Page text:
I attended the Scrum Gathering in Prague this week purely as spectator rather than a speaker, which gave me a lot of time to soak up some great sessions from various speakers. I think the highlight for me was one of the first sessions on Monday, run by Carlton Nettleton, called “User Stories are Fun! Capture the Magic with Story Cubes & Innovation Games”.
I was keen to pick up some tips from Carlton on how he used “story-telling” as a coach, and his session focussed on using Story Cubes to create User Stories. If you have never used Story Cubes before, the are a set of nine dice, which include symbols or pictures on each side. There are primarily an aid for children to encourage and play with story-telling.
I’ve been a fan of Story Cubes for a long time, and use them regularly with my children to tap into their creativity when it comes to story time. Indeed, while I was writing the story-telling chapter of my book “Improv-ing Agile Teams”, I included a story that my daughter told me, as she was using Story Cubes to help her.
Carlton’s session only lasted 45 minutes, but I think he could have benefitted from more time as people were really getting into the story-telling element as his time ran out! He started off with an introduction to User Stories, and then split us into small groups (3-4 people) who would then have a go at creating some stories using the story cubes. Carlton’s advice for the next part of the session is best described as follows:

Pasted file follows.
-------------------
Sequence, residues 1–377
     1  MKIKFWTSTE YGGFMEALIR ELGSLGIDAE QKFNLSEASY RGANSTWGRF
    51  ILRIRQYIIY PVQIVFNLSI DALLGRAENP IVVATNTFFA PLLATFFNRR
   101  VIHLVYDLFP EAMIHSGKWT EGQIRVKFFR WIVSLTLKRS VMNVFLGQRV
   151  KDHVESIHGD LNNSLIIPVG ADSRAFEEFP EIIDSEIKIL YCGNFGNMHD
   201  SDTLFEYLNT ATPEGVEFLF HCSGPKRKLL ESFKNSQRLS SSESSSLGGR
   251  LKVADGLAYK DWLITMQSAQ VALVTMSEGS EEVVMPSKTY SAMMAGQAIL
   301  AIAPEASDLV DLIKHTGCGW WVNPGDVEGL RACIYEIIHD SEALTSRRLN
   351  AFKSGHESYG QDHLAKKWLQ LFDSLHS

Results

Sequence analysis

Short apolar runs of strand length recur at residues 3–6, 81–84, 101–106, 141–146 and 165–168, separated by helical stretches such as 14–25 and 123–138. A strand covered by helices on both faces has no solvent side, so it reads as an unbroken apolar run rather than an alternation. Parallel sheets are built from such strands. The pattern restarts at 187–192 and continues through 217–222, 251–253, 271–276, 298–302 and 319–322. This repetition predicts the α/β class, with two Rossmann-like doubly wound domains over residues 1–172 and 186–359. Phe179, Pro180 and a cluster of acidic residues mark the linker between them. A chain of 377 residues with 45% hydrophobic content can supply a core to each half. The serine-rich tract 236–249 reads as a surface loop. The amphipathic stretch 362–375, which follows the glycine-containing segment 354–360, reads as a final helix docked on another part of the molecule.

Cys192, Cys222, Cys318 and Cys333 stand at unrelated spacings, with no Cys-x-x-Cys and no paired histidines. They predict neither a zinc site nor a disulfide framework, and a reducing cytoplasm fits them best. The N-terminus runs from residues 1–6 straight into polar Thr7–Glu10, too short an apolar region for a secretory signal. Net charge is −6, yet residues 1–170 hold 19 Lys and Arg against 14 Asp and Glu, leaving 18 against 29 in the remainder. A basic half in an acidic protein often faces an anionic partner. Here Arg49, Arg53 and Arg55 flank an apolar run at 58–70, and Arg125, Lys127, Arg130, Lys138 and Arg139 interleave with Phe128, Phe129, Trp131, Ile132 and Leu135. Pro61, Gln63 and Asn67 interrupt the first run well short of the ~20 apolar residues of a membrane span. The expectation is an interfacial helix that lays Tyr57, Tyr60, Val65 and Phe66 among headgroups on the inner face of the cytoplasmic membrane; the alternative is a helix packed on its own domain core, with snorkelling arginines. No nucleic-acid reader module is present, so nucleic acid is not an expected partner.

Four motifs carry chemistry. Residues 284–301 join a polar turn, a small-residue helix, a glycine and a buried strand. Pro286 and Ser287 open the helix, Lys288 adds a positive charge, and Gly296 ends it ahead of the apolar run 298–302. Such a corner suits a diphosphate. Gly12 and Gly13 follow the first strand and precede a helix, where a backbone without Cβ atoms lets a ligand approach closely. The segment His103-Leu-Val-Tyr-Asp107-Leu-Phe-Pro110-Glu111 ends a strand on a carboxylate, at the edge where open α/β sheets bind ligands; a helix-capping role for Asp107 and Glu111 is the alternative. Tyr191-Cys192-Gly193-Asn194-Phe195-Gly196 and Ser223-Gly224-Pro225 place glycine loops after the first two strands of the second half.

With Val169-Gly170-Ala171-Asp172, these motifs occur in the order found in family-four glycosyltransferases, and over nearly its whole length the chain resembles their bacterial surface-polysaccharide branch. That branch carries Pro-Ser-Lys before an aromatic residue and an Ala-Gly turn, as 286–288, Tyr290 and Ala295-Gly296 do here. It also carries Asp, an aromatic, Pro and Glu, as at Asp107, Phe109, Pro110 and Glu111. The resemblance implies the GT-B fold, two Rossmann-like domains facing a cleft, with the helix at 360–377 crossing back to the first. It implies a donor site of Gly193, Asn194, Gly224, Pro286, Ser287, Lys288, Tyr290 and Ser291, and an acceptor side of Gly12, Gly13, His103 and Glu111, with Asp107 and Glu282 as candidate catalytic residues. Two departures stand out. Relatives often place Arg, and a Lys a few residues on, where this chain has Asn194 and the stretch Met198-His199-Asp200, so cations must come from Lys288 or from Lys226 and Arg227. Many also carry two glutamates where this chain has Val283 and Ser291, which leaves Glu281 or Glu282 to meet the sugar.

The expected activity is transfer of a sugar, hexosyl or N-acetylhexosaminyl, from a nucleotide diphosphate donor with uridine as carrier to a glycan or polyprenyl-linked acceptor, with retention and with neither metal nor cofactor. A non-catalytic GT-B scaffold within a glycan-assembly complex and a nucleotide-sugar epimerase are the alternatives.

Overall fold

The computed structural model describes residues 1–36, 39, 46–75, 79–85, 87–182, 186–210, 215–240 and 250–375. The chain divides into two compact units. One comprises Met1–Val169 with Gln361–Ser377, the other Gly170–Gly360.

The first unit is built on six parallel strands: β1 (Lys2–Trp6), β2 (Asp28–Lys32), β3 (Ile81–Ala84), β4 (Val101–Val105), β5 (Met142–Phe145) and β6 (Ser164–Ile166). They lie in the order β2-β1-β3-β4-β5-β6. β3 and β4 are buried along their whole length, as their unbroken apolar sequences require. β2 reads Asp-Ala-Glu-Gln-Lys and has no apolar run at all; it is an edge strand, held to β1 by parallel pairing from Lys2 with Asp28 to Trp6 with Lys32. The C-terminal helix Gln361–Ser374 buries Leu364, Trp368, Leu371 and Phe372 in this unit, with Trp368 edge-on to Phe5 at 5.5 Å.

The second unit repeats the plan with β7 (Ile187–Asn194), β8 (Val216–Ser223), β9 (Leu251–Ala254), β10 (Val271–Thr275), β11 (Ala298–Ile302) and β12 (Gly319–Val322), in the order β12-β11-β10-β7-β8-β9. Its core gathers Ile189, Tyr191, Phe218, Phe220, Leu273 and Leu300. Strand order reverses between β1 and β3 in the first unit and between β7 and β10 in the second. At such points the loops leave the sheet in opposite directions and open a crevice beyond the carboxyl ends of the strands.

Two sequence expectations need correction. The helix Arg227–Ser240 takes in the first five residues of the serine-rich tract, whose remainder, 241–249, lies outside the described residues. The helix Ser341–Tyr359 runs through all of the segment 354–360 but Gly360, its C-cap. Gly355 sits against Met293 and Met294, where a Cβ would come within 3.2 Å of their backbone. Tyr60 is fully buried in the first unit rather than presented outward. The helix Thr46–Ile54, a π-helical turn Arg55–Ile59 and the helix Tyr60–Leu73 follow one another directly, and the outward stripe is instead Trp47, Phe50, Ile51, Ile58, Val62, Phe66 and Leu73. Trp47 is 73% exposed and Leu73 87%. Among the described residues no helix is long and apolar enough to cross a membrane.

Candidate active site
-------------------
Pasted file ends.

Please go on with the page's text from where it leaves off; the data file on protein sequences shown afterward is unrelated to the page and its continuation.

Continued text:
Roll only three cubes - I agreed with Carlton that the full set of nine is to me and can add too much complexity too soon. Using three cubes allows people to distinguish a beginning, middle and end to a story.
Do it in a small group - if anyone around the table could see a connection with the symbols then they could jump in and tell a story. This takes away some of the pressure off individuals.
Let people warm up - Carlton let us familiarise ourselves with the cubes by practising first. The first round of story-telling involved us using the cubes to tell a story or memory we had personally, that the cubes reminded us of. After the warm-up, we focussed more on the creation of product specific user stories.
Mix the packs of cubes - the official story cubes now come in a multitude of themes and topics. Carlton advises to mix them up to get some different combinations.
Change the perspective - it’s easy to think of the hero of the story, but try thinking about the villain or a supporting character. There is a link to user personas in user story development here too.
I really enjoyed this session and I think just about everyone was convinced that Story Cubes would be a great tool to help us think more about how realistic our user stories can become. I sometimes think the story-telling nature of our work has been lost or in some cases, never even utilised. In a scrum team, the Product Owner has to be the greatest story-teller of all. Using story cubes might help you practise some of those skills. Thanks for sharing Carlton.